Josephine Cochrane (1839-1913) was an American socialite who invented a dishwasher in 1886. Her name is sometimes written Cochran but she added the “e” to make it sound better!
It wasn’t because she was fed-up of doing the washing-up, as a wealthy woman in the 19th century she had servants to do the work. She was concerned that her fine china was getting bashed about and she wanted a machine that would clean the dishes carefully. Josephine apparently said, “If nobody else is going to invent a dishwashing machine, I’ll do it myself.”
In fact dishwashers had already been invented, a number appear in patent books before the 1880s, but these early models didn’t perform very well. In Josephine’s dishwasher the crockery was held in wire compartments set onto a wheel inside a copper boiler. A motor turned the contraption while hot soapy water was sprayed onto the dishes. You can see some blueprints of her design on the MIT inventor of the week website.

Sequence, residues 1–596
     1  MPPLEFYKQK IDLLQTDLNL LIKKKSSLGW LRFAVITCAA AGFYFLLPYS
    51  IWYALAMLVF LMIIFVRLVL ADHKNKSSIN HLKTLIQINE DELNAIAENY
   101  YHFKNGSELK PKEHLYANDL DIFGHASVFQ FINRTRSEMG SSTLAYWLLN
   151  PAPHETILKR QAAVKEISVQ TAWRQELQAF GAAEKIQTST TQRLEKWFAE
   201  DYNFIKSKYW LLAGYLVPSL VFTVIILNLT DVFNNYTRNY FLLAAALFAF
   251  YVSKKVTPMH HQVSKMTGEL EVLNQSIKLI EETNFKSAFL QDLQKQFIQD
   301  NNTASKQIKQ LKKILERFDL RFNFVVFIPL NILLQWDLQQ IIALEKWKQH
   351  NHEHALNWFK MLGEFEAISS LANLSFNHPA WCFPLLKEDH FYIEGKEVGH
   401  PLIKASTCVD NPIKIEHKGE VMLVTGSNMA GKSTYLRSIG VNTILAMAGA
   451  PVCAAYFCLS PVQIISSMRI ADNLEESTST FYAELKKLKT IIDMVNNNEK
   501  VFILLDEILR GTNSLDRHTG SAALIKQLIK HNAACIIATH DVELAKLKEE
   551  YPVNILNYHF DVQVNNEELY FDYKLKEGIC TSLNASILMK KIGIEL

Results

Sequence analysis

To start with she sold it as a domestic appliance but there were few takers. She didn’t give up and, in 1893, her dishwasher won a prize at the Chicago World Fair. A few years later Josephine opened her own factory with the mechanic who had helped make the prototype (George Butters). Her company was bought by the Hobart Manufacturing Company and later became part of the Kitchen Aid Company.
It took a long time for dishwashers to catch on in British kitchens. Early models were expensive and most people, especially those with servants, considered it better to wash by hand. Today 40% of British households have a dishwasher, which according to a recent Business Week article , is a lot less than other countries including Spain (49%), France (52%), Germany (77%) and the USA ( 78%).